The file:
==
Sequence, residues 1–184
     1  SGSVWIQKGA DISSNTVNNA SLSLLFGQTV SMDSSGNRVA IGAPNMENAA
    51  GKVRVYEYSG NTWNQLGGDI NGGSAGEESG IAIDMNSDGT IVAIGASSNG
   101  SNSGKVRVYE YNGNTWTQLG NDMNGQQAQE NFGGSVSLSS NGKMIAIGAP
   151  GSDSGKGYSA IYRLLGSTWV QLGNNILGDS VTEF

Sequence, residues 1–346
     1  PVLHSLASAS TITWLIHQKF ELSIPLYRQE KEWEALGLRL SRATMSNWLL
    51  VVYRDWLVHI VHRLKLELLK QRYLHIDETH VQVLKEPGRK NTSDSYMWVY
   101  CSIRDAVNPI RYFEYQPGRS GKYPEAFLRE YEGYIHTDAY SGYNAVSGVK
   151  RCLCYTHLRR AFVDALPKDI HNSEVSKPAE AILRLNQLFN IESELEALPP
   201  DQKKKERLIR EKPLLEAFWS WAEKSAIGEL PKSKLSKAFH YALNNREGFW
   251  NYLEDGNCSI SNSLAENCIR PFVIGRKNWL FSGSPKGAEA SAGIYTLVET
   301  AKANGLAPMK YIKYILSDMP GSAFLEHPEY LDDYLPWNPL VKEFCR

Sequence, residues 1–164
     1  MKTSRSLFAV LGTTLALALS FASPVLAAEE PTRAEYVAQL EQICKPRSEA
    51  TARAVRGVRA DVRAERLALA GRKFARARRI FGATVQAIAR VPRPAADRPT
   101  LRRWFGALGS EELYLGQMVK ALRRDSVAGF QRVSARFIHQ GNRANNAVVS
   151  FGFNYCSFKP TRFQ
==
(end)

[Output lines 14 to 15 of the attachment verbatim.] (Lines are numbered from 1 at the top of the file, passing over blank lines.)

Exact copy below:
Sequence, residues 1–164
     1  MKTSRSLFAV LGTTLALALS FASPVLAAEE PTRAEYVAQL EQICKPRSEA